Tuesday, January 5, 2016

The Miracle Man of Montreal

Tomorrow (or today, depending on when you read this) is the feast of St. Andre Bessette. This once well-known saint seems to have fallen out of the general Catholic consciousness, but his life of simple holiness deserves to be remembered.

Andre was born in Quebec in 1845. Though he was slight and sickly his entire life, he lived to be 91. Andre's poor health hindered his attempts at making a life, whether finding work or pursuing the call to religious life that he felt. He applied to join the brothers of the Congregation of Holy Cross several times but was turned down due to his poor health and limited education. Finally, his persistence paid off, as the archbishop intervened and famously concluded: "At least he can pray."

Andre was given the job of serving as porter of the community's college, opening the door and directing people to where they needed to go. And as he kindly spoke with the people he visited, he found that people shared their problems and sufferings with him. Andre's advice was always the same: "go to Joseph." Many came to him, and many were aided through his prayers--including even physical healings.

Word of Andre's actions quickly spread, and soon Andre was receiving tens of thousands of letters per year asking for his intercession. Andre would bring the oil that burned in the lamp by the statue of St. Joseph and anoint the sick with them, urging the sick to trust in St. Joseph's intercession. And people were healed: from blindness, burns, paralysis, and all kinds of disease. And their faith was enlivened and strengthened.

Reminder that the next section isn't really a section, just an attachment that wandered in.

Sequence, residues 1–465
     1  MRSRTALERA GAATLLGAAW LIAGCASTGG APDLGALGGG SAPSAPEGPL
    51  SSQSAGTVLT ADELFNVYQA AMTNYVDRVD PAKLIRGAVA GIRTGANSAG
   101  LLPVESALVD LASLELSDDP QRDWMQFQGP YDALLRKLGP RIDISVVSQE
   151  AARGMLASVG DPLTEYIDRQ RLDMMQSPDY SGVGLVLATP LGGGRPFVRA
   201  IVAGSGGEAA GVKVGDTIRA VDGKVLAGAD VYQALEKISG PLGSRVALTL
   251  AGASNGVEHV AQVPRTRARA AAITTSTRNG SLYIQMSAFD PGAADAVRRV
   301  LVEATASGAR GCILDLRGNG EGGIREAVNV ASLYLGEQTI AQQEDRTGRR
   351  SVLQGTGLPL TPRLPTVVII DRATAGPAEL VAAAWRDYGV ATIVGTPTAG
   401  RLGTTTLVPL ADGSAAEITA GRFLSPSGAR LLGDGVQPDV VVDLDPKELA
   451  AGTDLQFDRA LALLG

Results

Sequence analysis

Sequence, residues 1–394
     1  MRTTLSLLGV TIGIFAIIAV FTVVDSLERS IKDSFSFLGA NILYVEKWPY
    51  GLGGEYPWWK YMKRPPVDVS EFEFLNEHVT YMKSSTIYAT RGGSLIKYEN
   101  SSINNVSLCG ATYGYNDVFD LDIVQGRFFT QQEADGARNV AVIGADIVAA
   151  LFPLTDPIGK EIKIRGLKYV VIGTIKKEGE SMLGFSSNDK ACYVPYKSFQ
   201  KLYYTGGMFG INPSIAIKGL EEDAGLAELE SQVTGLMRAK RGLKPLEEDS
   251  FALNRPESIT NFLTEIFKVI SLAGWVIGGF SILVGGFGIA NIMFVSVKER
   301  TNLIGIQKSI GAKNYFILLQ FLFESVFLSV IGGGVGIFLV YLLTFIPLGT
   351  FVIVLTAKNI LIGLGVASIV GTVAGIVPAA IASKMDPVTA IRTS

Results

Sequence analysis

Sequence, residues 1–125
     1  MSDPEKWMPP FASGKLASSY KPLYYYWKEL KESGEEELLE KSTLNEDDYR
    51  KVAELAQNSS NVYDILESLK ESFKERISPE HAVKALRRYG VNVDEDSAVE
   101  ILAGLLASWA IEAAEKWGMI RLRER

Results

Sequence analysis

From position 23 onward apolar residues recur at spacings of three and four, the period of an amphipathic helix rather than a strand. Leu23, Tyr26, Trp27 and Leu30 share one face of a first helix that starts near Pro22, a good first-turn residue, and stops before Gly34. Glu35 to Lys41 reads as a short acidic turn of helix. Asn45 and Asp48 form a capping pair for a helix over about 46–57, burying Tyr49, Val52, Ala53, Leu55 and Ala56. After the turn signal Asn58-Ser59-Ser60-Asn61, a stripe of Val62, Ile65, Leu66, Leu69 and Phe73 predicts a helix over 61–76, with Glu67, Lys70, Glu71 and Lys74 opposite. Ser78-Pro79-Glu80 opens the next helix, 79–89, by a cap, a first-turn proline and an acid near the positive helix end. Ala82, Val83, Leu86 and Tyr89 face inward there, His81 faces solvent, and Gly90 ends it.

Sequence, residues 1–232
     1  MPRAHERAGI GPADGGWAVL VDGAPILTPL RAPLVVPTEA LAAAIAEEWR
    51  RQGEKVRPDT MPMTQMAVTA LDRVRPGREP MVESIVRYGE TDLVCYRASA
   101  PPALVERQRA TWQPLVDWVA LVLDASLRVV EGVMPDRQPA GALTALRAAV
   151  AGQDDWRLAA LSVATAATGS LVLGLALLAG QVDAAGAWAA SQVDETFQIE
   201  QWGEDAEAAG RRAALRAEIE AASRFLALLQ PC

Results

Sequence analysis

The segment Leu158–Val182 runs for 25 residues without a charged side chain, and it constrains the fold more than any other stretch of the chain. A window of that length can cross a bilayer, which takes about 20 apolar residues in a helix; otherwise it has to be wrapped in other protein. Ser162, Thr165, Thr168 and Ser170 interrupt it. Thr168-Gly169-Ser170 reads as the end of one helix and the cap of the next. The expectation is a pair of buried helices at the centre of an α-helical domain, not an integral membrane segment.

The attention Andre attracted concerned some of his confreres. They worried Andre was developing a cult of personality around him. The archbishop came to the local superior and asked, "If you asked Andre to stop these healings, would he?" The superior responded, "Yes, Andre is an obedient religious, he would stop if I asked." The archbishop said, "Then don't. That tells me it's not about him." Andre never took any credit for himself for what occurred; he always pointed to St. Joseph.

Andre's ministry led to the construction of a beautiful Oratory of St. Joseph, which still attracts many pilgrims today. At his death, one million people viewed his coffin. He was dubbed "the miracle man of Montreal," yet his fame has diminished somewhat over time.

We would do well to remember the lessons of St. Andre's life: persistence, humility, devotion to the saints, and humble submission to the will of God. He is a reminder that God calls all of us to be saints: the strong and the sickly, the well and poorly educated alike. All that is required is love of God and love of neighbor.

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